(As told by Gul to Diksha Dwivedi)
It rarely happens that an opportunity comes knocking on your door but when it comes, you should make sure the door is not locked. That is my life in a nutshell.
I was 15 when I saw this really cute guy in school and I fell in love. Not intelligent, not responsible, not charming, but cute. I dreamt of marrying him that day. I was soon 21 when my boyfriend was no more just a "cute guy", I still wanted to spend the rest of my life with him. My dream, my love, my husband, Rishi Attari is a part of my reality today and he's the wisest man I know.
I can't get over the depth of his personality, it's like I meet a new person every day. In the wee hours of the night sometimes when I'm working in my office alone, I take a moment to thank my stars for giving me him. I don't know if he feels the same way, I hope he does but I couldn't have made a better decision in my life. Only he could have made me believe in the concept of marriage.
All I had to do was dream first and go after it, second. I can easily call it the motto of my life.
I entered a beauty pageant while I was still in college. I was an all-rounder as a student and I just thought it would add another feather in my cap. It so happened that I won the 'Miss India' title that year and after that, there was no looking back.
I've been a dreamer all along and that has helped me in mindfully selecting the building blocks of my life. I was in my first year of college when my father was posted in Patiala, and every time I crossed the Patiala Flying Club on my way to college, I wanted to fly.
I kept it a secret because I didn't want to fly commercially, I couldn't imagine flying big planes for a living. It was the little planes I wanted to fly, that's real freedom according to me. So, I kept this fascination a secret till the day I could afford to get a flying license for myself.
Some say I'm privileged and I agree, I was privileged for the opportunities I was able to create for myself. With Rs. 200 pocket money as a youngster, I could save enough to enter the Miss India contest. I had a family that allowed me to chase my dreams relentlessly and I see that as privilege.
Yes, my father's surname attached to my name is a big part of me and I'm proud of it. But just like me, I feel that every human being is just a product of the circumstances at birth. I still dream of waking up one day and seeing a world where women decide for themselves what they want to do. I feel claustrophobic every time I see a woman 'adjusting' her plans to be more in sync with the society and her family.
I'm the most normal person I know.
But every time I followed my dream in so many years, I was made to be someone or the other's role model or inspiration. I can't help but love the feeling and it is very very very humbling but there are moments when I feel like saying, "Wait, I'm no Superwoman, I'm just doing what I love to do." I passionately hate the fact that the bar for women has been set so low that stepping a bit out of what's perceived as 'normal' in our society becomes a 'symbol of empowerment'. We've gotten used to celebrating mediocrity for females and it's sad.
Every time I go campaigning for elections, the first thing I'm asked to do is sit on a bike even before I'm asked to address a rally because of the "symbol of emancipation" it presents. Almost every industry, including Bollywood, needs the smartest women to keep mum about their minds and thoughts. You see women nodding in conference rooms more often than not. Why?
Soon into my acting career I realised if I wanted to only do the kind of movies I really liked, it couldn't have been for my bread and butter.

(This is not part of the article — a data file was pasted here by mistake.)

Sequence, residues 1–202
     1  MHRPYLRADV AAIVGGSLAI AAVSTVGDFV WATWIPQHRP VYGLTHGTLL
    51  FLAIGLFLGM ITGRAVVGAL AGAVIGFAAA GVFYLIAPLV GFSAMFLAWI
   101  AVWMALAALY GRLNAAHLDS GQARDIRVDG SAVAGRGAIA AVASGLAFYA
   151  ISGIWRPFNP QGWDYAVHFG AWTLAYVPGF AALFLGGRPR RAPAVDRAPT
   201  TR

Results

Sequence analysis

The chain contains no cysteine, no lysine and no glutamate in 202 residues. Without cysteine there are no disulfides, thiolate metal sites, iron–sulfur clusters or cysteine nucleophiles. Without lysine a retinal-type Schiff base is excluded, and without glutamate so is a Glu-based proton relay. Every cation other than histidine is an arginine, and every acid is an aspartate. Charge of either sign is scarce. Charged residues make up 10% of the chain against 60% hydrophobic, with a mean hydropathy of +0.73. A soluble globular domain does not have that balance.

So I started my entrepreneurial journey, which is the best thing I could've done to myself, by founding Skipper Aviation, an aviation consultancy company. Then came Tittar Lodge Productions (TLP), that makes cutting edge content. I later co-founded Mobiefit with my friend Gourav Jaiswal, a technology company that makes fitness apps. Today, our Running app — Mobiefit Run, is the highest downloaded indigenous health and fitness category app. And recently, Shruti Seth and I brought Core entertainment to life with an aim of creating interesting engagements targeting women. It is a women-only engagement platform. This way I'm literally doing everything I've always wanted to do in life.
The one time I feel I actually got lucky was with the Miss India title in 1999. After that, I refused to look back. I made sure I walked through every door this platform opened for me. I can't think of even one time when I consciously said 'No' to a challenging opportunity.
I'm an extremely emotional human being, just like every other woman is perceived to be. I cry at weddings, I can't stop my tears when I see a war martyr's family, I love puppies, I have two of my own, I'm in awe of my husband, my attention goes to the laundry more often than not. We, as women, have been conditioned to care about things and so we do; we feel, we love, we cry, we depend, but that shouldn't have ever stopped us from dreaming.
I'm an actress and I learnt to fly a plane. I was a teenager and I dreamt of marrying the cute head boy of our school. I was Miss India and an actress, today I'm also an Entrepreneur. I did everything I could to make my identity mine. I go on solo trips with my dogs and I say, "I'm having fun" when I'm asked what I do for a living.
My next dream is Festivelle, a women-only space, where urban women come together and celebrate each other. It is Core Entertaiment's dream project, if we're able to bring you out of your house without your boyfriend/husband/a guy friend, we'd see this as half job done at raising the bar for women in this world. Let the well-known men open the show for you while you sit there relaxed with other like-minded women, celebrating 'sisterhood' for a change.
It's on till 10 pm on 17th and 18th December 2016, at Juhu Hotel. Tickets are available at the venue.
See you there!